About 5 years ago, I made a concentrated effort to be kinder to myself. (If I wasn’t going to do it, who was?) I don’t know what made me change my mind (could be all the therapy…) but I do know things changed after. Life became a little easier.  Instead of hating my clothes, I sought out ones that fit – even though it took extra effort (clothes come in tall, who knew!). I ran a 5K (v e r y  s l o w l y). I took up yoga (which I have since dropped and I miss, but that’s another blog). Things aren’t perfect, but they are better.

But, until I watched this trailer, I never considered that this is the body that graduated from a 5-year program in 4 years from Syracuse University. Or that moved to NYC without a job and became a success. This is the body that hugged my mom and brought her comfort. My body helped to start this company and will hopefully someday help women like her with Jill’s Wish*. I need to celebrate that. Someday, I plan for this body to bring change to this world.  If you’re reading these words and maybe wondering about how you treat yourself, maybe I already am.

I don’t know why it’s so much easier to hate our bodies or why we say things about ourselves to ourselves that we would never say to another human being. We call ourselves all kinds of nasty, hurtful names. If someone said something like that to our friend, we’d never stand for it. Yet, so many women live with awful, negative self-talk.

I can barely digest the idea that 91% of women hate their bodies. Even if that’s an exaggeration, isn’t that a lot of wasted energy when we’re all so beautiful? And even if we weren’t (but we are), we’re so much more than our looks.

I haven’t seen the full film yet but I’m anxious to see the answers that she finds. Is there a way to fix this? How would we feel if we woke up every day loving ourselves instead? How much brighter and kinder would the world be? What if we didn’t pass this on to our daughters? What would that mean for our future?

I have so many questions – ones that I hope are answered in this documentary. After all, this is our life, aren’t we entitled to control how we feel about our own bodies?  Why do we give that gift to others?

There are many screenings of Embrace around the country, find one near you. Bring your sisters and your daughters – it appears that we have a lot to learn.

What would you do with all of that extra energy if you weren’t worried about your appearance?

*As of 11/30/2017, 5% of all sales are donated to the Breast Cancer Research Foundation.

The Bra Zone book

Crossover to The Bra Zone and Win!

Win one of three autographed copies of The Bra Zone and a $25 Gift Certificate to The Strap Saver It’s amazing how little we know about our boobs. I’m not sure why. Over 50% of the population has them and we’re constantly bombarded with images of them. I feel like we’re only told what they are “supposed to” look like or to get a mammogram.  I think most of us are at a loss. This is what makes The Bra Zone* by Elisabeth Dale of The Breast Life so awesome. It’s a book that shines a light on what’s really going on under our shirts.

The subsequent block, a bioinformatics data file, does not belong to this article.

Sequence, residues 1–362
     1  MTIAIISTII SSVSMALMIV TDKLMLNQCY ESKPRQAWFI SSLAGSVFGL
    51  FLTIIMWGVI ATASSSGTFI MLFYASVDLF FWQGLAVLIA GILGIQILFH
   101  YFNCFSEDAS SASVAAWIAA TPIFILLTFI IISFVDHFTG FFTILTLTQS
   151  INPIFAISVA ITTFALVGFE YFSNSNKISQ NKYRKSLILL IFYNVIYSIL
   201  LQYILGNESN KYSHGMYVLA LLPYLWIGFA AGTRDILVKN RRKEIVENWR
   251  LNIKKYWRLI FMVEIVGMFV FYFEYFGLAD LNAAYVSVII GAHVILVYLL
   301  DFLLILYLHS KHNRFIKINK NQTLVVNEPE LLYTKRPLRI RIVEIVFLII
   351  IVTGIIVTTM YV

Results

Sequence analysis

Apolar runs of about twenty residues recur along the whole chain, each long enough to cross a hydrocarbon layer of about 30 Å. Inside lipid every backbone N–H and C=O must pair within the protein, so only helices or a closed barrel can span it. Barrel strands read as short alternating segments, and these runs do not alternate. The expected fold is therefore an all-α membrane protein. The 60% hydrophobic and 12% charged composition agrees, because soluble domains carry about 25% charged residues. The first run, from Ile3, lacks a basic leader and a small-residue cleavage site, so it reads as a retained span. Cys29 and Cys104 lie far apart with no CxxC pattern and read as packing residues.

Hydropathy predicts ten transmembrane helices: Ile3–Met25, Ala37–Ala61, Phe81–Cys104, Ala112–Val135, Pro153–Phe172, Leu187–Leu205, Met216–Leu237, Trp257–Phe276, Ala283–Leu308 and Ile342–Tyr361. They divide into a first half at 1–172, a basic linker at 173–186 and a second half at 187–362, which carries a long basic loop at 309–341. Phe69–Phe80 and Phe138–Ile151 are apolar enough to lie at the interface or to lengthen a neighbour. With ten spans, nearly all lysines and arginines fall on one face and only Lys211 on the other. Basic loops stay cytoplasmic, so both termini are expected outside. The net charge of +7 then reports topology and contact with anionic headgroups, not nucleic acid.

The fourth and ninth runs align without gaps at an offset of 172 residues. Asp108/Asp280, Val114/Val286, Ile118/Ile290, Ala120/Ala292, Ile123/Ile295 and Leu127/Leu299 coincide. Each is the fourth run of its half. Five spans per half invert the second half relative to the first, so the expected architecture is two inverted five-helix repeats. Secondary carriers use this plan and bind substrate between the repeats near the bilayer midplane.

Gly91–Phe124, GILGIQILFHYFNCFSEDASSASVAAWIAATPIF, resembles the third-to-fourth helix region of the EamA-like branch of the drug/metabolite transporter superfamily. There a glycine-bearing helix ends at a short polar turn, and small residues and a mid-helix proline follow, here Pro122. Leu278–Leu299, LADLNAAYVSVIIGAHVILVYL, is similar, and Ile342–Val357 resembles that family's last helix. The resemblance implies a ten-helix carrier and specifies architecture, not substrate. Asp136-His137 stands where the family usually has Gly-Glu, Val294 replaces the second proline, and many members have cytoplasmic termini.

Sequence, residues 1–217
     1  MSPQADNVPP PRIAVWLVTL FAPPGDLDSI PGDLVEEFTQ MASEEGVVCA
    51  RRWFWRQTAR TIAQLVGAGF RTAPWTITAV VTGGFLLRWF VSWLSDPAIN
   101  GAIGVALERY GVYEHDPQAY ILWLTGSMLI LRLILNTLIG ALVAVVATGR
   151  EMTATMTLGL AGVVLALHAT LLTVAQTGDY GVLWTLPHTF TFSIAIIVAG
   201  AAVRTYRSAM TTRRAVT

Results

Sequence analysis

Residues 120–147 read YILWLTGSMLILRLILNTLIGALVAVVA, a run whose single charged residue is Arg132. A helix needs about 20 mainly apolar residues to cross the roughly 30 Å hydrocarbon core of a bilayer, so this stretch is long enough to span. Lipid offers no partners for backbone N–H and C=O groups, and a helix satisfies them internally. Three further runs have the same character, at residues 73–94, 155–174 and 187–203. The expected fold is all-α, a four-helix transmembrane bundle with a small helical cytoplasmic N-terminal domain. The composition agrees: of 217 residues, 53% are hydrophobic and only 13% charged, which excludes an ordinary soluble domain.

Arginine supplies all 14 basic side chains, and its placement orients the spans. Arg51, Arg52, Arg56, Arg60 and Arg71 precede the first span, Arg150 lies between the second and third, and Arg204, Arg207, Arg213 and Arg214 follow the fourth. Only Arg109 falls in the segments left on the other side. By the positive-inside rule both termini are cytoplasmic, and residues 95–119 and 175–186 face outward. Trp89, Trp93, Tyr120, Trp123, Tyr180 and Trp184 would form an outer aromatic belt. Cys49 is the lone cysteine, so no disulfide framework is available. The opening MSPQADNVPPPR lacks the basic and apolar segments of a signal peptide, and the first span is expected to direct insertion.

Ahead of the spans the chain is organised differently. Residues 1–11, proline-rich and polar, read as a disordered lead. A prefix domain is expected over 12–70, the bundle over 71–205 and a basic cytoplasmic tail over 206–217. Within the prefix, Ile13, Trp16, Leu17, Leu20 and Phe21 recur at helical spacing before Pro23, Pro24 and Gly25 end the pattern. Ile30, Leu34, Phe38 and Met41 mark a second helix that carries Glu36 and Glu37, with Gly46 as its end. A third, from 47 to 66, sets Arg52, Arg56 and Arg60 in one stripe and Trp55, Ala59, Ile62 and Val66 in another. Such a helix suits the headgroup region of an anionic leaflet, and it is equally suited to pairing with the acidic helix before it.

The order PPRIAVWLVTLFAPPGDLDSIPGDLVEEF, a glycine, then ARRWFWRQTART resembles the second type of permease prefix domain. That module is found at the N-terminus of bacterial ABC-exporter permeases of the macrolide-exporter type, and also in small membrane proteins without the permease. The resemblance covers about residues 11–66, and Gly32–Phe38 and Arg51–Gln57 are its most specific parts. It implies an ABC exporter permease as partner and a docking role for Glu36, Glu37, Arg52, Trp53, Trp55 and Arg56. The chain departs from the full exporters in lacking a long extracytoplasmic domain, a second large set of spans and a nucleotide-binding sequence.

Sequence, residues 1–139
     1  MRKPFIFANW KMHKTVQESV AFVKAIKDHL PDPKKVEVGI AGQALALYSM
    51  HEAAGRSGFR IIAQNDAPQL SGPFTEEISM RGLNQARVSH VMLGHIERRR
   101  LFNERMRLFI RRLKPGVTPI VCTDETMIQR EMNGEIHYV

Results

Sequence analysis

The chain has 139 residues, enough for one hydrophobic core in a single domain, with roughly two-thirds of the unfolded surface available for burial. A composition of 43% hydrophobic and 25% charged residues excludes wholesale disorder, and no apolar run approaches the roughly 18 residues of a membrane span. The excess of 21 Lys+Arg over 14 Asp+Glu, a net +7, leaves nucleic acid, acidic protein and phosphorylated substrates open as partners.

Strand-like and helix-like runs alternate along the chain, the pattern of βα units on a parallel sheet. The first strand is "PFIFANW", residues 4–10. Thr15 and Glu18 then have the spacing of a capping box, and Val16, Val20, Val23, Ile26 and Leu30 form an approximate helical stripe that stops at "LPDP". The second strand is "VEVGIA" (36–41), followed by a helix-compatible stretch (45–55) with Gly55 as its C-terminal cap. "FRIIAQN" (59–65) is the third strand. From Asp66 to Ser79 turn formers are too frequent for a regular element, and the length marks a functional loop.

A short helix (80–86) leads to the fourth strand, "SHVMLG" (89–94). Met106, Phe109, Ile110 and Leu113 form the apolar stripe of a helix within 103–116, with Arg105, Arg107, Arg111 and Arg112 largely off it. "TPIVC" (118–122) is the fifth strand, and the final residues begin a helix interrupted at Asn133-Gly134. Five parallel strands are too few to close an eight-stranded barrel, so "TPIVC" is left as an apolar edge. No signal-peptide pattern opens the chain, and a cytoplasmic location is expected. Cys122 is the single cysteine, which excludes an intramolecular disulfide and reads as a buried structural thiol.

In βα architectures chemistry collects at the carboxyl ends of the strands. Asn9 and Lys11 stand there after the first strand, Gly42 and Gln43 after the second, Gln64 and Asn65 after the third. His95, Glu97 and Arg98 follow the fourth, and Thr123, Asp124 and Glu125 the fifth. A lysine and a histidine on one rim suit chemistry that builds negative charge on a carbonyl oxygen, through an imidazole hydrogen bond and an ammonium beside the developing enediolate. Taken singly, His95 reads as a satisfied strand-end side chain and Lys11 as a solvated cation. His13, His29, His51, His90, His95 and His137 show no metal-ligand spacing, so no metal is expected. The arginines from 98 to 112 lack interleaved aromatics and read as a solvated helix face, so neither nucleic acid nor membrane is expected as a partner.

Elisabeth starts The Bra Zone* with her own story of confusion as she develops breasts. She is, unfortunately, forced into an unattractive foundation at an early age because of her size. (been there, done that) Elisabeth continues to explain why finding a good bra has always seemed so difficult. The book goes on to detail what constitutes a good bra and how to find one that works for each of us. It’s not necessarily that we’ve been doing it wrong all this time, but with the right information, we can do a better job of finding the right bra for our shape and size.

To explain – The Bra Zone* is about understanding that there can be many choices in size, style, fabric, etc. in a quest to find the perfect bra. As Elisabeth mentions in her book, it’s a lot like shoe shopping. Most of us have gone up or down a half size (or more) depending on the style or designer of the shoe. It’s no different with our foundations. We’re not one size, we’re a whole zone of sizes and styles depending on our need at the moment – and that can change throughout our life. The Bra Zone is also about embracing this – and understanding our size options. Too often we blame our bodies when our size changes. We don’t get angry at our feet when we have to ask for a different size, we shouldn’t get mad at our boobs either.

The book walks through the basics of how and why our breasts are what they are, and how they will change throughout our lifetime. (now I’m not looking forward to what’s coming in menopause…) Elisabeth also explains some myths about breasts and bras (spoiler: they do NOT cause cancer), types of bras, what they are supposed to do (as opposed to what we want them to do) and what might work best for different situations. There’s even a handy-dandy section on bra accessories – and you’ll never guess who’s featured! (when you get your copy, you may or may not need to immediately open to page 82-83 and ooh and ahh.  Change the may or may not to must…)

I’ve only been in the ‘biz for 2 years now and had no idea how much I still had to learn until I read The Bra Zone. It reads like a friendly “Breast and Bra 101” and is perfect for…  well, anyone with boobs or about to get boobs. Our appearance is so important to our self-esteem (it shouldn’t be, but it is!) and this book goes a long way to explaining how to work with what you have and what’s in the market. So, after you buy your copy*, get one for the teen in your life.  The sooner they have this information the better!

For many of us, bra shopping is a lifelong endeavor. The Bra Zone can help turn a necessary evil into something fun and exciting – since it will no longer feel like we’re trying on bras in the dark.

*This particular link is an affiliate link for Jill’s Wish.  A portion of any purchase made through this link will help women who are undergoing breast cancer treatment to pay their household bills.  

AND – Elisabeth has been very generous to offer us THREE autographed copies of her book to give away!  We’re going to match it with three $25 gift cards to The Strap Saver – for 3 awesome prize packages.  The winner will be selected on August 31st.  Details to enter below!